It hardly seems accidental ... of the top 20 (by OPS+) switch-hitters of the integration era, 7 have spent at least a few seasons with the Yanks and Beltran is about to make it #8: Mantle, Tex, Bernie, Raines, Beltran, Posada, Roy White, Swisher. Chili Davis and Berkman also had short late-career stints with them.
* Barry Bonds in 1993
Whitey Herzog loved him some switch hitter too...when Joaquin Andujar was batting, the Cardinals could have 7 switch hitters in the lineup.
One of my dreams is to have my son be an effective switch-hitter. He turns 16 in a few days and I'm working on it. 16 months, that is.
In 1961, Roger Maris batted third and Mickey Mantle batted fourth. Maris hit .269 but drove in a team-leading 142 runs (w/ 61 homers), while Mantle batted .317 and drove in 128 (w/ 54 homers). Meanwhile, Elston Howard hit .348, arguably making him the best hitter that year, but had just 77 RBIs. I guess when you've got a number of very good hitters, it doesn't matter where your best one bats as long as your pitchers give up fewer runs than you. (Crucially, the 1-2 hitters -- Bobby Richardson and maybe Tony Kubek, if I remember correctly -- were on base a lot, despite having modest averages in the .270 range.)
Richardson and Kubek each had 170+ hits in 1961, team highs. No they didn't walk much, but they were on base a lot, and if they didn't score more it wasn't their fault. No doubt both Maris and Mantle hit a lot of solo shots. Richardson walked 30 times, which gave him over 200 opportunities to score.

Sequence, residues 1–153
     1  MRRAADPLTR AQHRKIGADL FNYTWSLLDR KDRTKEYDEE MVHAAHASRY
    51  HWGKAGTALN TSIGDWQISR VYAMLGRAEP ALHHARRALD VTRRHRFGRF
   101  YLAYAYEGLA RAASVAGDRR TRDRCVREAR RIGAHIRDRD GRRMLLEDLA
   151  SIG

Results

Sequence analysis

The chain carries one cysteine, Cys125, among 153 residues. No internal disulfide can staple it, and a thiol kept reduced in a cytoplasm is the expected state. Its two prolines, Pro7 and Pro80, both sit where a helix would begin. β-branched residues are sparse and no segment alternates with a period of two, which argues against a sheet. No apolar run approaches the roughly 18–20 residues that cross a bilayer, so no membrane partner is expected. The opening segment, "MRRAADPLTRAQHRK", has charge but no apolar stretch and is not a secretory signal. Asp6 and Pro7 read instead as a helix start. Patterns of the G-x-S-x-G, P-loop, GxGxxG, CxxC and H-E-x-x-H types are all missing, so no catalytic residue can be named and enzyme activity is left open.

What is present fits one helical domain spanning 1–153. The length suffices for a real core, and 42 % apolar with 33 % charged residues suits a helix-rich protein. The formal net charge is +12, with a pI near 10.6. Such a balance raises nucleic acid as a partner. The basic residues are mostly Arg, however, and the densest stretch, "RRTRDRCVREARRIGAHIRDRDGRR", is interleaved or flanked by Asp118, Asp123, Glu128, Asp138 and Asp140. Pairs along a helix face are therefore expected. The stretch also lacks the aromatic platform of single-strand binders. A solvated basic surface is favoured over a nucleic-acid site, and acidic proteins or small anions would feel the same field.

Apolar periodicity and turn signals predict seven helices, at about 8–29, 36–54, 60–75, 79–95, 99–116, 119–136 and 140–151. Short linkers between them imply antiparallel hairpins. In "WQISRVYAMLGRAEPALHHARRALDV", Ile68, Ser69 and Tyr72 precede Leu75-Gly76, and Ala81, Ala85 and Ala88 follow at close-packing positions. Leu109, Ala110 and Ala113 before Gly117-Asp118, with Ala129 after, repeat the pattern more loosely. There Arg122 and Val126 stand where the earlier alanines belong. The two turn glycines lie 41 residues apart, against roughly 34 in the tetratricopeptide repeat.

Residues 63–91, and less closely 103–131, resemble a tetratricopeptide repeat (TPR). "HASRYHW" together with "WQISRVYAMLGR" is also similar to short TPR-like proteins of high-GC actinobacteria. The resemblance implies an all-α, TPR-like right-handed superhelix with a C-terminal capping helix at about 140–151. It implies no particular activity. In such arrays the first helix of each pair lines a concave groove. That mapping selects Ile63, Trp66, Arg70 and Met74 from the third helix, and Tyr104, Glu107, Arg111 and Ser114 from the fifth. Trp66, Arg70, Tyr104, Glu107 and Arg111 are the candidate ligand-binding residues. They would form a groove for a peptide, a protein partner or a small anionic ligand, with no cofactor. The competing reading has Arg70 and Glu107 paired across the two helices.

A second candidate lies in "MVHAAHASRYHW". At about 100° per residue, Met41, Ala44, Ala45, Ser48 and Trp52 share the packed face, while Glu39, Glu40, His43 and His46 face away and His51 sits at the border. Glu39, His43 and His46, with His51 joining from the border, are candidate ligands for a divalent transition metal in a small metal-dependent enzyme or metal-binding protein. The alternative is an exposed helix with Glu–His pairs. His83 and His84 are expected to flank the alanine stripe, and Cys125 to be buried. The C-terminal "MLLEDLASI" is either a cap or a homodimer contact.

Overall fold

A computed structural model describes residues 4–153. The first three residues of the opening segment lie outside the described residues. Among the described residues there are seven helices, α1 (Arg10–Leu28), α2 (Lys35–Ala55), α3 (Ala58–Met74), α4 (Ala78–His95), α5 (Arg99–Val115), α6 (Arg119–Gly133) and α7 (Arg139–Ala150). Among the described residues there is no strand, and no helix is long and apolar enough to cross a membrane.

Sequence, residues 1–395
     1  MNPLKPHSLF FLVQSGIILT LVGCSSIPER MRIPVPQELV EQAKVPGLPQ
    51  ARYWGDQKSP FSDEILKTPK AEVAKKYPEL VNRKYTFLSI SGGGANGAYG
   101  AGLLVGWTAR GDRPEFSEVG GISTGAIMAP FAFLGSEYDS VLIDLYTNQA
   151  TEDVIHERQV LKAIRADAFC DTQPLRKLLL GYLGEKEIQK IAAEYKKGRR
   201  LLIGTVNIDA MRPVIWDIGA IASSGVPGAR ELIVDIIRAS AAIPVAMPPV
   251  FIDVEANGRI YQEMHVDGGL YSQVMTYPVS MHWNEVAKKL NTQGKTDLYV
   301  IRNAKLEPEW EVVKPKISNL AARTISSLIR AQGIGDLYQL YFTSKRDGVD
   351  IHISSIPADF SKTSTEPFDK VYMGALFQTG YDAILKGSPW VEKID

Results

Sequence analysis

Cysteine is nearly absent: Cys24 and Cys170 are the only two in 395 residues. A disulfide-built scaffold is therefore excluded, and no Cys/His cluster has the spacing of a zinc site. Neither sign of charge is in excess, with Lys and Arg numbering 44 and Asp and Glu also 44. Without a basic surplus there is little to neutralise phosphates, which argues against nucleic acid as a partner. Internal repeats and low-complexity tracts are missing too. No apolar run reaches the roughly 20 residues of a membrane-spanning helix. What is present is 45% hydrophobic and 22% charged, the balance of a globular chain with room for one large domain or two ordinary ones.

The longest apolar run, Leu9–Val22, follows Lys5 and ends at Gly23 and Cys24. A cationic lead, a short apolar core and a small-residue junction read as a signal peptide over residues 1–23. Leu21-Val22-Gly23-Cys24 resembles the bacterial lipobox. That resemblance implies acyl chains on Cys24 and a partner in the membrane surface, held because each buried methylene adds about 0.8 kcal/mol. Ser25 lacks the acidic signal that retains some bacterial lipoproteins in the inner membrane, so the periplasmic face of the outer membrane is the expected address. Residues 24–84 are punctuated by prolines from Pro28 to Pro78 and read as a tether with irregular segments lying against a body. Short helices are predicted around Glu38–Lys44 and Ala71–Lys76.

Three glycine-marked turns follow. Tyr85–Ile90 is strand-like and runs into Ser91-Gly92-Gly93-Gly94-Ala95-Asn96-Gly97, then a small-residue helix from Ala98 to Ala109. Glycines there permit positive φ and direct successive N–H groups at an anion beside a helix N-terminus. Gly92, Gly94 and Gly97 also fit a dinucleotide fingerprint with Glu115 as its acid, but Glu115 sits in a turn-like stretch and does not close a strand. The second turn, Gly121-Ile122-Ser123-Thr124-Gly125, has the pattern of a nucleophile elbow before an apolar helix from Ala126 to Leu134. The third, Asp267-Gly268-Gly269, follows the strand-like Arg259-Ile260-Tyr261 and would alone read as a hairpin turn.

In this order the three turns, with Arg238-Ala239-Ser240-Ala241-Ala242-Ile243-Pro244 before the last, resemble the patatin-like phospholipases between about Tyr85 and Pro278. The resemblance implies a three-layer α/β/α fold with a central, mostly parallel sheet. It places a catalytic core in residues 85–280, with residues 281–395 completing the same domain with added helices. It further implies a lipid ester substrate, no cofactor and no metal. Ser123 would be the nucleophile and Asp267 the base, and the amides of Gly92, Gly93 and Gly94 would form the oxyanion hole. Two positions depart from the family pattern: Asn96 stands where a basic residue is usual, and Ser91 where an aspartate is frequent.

Wow. Just...wow. Rarely do you see somebody work so hard to go out of their way to defy logic.
Of course thanks to retrosheet/bb-ref splits, you can see that Maris had 322 pa with men on, 81 of those with two men on and 2 of those with the bases loaded, meaning he had 407 men on base for him over the course of the season.... not sure if that is a lot or not, but it's a fair number. (looking for someone with a high average and relatively low ops+ and I have Mike Lowell with a .324 avg, 120 rbi and 521 batters on base in front of him) Not sure what it proves...just free thinking.
No doubt both Maris and Mantle hit a lot of solo shots.
It seems that most switch- hitters have L-R splits that are larger than singlehanded hitters. Teach your kid to hit left-handed, and leave it at that.
Was Backman a "natural" RHB or LHB. It seems to me that most of your scrappy infield/CF types taught to switch-hit started as RHB and their teams were teaching them to switch-hit in hopes the LHB-RHP platoon advantage would get their offense up to an acceptable level. It did often turn out that they became better LHB than RHB.
Anyway, Victorino's L/R OPS is 880, it's very unlikely he'd have done that as R/R.
I play a fair amount of Strat-O-Matic, and for me, a real key is going L-R-L-R-L to the greatest extent possible. It may well be more important in Strat, because the opponent knows how his relievers will match up against my hitters, so the L-R-L will force him to make tougher decisions. Still, I never understood why some managers seemed to go out of their way to bunch LH hitters together. The good Phillies teams are an example. I seem to recall them going Utley-Howard-Werth a fair amount, which is just insane.
You must be Registered and Logged In to post comments.
Login to Join (1 members)
Page rendered in 0.7066 seconds, 73 querie(s) executed